Scientists identify molecular marker to analyze chemotherapy response in breast cancer patients
September 01, 2015
The study examined 11,212 patients with early-stage breast cancer who had already received treatment. It took into account other predictive markers such as tumour size and grade, whether the cancer had spread to the lymph nodes and the state of oestrogen receptors.
Oestrogen-receptor-positive breast cancer means that oestrogen receptors have been found in the cancer cells. These receptors pick up oestrogen, fuelling the growth of the tumour.
Testing for BCL2 is already well-established for blood diseases. It is a simple and inexpensive test, compared to other predictors which are undergoing lengthy trials.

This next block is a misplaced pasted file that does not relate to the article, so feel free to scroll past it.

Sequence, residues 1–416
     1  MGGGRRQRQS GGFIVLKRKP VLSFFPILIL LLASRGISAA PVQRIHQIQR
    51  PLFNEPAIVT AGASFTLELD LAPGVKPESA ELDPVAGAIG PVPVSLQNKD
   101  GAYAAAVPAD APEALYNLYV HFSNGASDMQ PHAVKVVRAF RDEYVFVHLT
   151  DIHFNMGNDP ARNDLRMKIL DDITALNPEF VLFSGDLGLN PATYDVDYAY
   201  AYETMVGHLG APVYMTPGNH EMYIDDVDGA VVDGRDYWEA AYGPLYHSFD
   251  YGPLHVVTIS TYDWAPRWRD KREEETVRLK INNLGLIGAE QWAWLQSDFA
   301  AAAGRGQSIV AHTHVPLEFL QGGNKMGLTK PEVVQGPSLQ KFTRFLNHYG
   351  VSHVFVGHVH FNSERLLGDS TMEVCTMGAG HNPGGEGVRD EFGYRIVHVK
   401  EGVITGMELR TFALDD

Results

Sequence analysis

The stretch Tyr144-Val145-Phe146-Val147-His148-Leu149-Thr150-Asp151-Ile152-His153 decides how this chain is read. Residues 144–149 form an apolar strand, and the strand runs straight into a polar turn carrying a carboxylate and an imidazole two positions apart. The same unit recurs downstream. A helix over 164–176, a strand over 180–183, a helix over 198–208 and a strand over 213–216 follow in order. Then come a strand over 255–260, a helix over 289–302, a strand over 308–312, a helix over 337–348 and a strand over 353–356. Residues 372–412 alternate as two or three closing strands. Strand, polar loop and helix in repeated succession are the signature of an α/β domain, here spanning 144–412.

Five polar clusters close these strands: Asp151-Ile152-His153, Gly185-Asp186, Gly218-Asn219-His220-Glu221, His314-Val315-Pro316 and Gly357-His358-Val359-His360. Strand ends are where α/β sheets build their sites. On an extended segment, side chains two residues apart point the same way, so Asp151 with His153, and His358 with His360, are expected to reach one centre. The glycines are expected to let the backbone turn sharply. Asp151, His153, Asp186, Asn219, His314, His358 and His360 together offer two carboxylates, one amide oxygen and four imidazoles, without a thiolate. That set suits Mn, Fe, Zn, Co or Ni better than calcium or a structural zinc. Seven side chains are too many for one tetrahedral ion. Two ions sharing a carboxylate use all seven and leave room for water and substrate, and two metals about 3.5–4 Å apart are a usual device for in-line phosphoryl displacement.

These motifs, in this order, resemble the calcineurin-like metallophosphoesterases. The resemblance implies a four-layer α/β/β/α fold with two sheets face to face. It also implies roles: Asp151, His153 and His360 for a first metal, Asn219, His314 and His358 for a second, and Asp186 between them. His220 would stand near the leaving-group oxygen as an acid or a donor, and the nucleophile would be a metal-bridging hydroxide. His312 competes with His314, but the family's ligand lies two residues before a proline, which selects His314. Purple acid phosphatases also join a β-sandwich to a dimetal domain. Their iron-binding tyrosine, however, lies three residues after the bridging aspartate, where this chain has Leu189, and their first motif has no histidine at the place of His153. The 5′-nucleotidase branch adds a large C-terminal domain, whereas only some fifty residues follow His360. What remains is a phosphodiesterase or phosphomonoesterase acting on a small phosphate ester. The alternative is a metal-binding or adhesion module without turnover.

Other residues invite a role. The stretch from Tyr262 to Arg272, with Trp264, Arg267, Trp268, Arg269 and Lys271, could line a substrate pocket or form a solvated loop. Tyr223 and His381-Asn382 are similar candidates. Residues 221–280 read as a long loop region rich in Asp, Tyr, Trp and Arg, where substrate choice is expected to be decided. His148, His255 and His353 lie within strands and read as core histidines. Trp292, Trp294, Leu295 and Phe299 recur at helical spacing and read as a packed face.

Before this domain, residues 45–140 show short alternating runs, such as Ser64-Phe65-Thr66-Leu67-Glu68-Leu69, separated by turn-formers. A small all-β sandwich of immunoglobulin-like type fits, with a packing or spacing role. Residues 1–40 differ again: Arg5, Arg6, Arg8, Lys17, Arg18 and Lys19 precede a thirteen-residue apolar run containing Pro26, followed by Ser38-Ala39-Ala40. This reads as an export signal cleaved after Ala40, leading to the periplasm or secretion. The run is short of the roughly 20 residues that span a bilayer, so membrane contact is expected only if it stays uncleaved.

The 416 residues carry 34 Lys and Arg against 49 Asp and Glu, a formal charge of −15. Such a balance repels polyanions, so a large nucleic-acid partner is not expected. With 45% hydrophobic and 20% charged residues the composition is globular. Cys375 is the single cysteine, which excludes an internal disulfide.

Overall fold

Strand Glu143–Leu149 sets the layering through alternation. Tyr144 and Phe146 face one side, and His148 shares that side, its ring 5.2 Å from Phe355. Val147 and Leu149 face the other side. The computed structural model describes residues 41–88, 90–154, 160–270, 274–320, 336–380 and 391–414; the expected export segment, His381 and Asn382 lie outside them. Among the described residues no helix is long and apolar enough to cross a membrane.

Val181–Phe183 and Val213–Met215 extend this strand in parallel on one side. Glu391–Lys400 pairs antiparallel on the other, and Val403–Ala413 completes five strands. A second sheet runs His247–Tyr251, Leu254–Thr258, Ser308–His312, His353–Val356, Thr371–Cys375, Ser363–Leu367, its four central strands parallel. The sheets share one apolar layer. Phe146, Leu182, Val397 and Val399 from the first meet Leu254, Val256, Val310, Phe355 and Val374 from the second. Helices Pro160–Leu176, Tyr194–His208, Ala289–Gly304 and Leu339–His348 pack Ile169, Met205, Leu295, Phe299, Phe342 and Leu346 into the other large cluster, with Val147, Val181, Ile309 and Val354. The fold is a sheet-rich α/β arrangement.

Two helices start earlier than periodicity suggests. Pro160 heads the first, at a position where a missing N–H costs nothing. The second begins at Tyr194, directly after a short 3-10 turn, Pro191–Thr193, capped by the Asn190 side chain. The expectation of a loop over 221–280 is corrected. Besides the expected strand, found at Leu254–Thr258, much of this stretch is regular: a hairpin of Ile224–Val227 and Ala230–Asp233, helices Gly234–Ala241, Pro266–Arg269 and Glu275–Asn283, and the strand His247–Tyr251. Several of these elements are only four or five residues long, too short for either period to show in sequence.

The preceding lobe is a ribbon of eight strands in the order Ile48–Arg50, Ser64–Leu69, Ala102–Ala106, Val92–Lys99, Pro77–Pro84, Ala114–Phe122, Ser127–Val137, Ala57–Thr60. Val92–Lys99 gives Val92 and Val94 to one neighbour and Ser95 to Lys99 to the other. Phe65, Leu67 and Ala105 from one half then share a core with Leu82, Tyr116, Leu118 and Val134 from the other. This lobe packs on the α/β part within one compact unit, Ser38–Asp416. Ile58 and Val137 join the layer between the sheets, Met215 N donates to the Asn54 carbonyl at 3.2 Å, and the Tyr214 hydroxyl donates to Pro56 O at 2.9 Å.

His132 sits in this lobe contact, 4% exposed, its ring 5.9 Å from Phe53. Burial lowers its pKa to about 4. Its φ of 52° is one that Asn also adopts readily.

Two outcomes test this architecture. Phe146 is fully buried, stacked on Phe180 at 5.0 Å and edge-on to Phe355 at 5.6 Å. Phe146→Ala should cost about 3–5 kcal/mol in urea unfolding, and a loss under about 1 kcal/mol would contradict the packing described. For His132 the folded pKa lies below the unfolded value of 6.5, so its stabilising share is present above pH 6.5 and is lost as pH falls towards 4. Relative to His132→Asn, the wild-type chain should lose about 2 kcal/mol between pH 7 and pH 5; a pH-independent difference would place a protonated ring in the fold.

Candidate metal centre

Dr Lesley Walker, director of cancer information at Cancer Research UK, said: "Chemotherapy can be an unpleasant experience for some patients. This study could help doctors assess whether a patient will actually benefit from this treatment and could save some patients enduring side effects unnecessarily.
"This is one of the largest studies of its kind and plays an important part in determining the role of BCL2 by looking back at breast cancer cases. But further research with existing patients is needed to decide how BCL2 testing can best be used."
Source: Cancer Research UK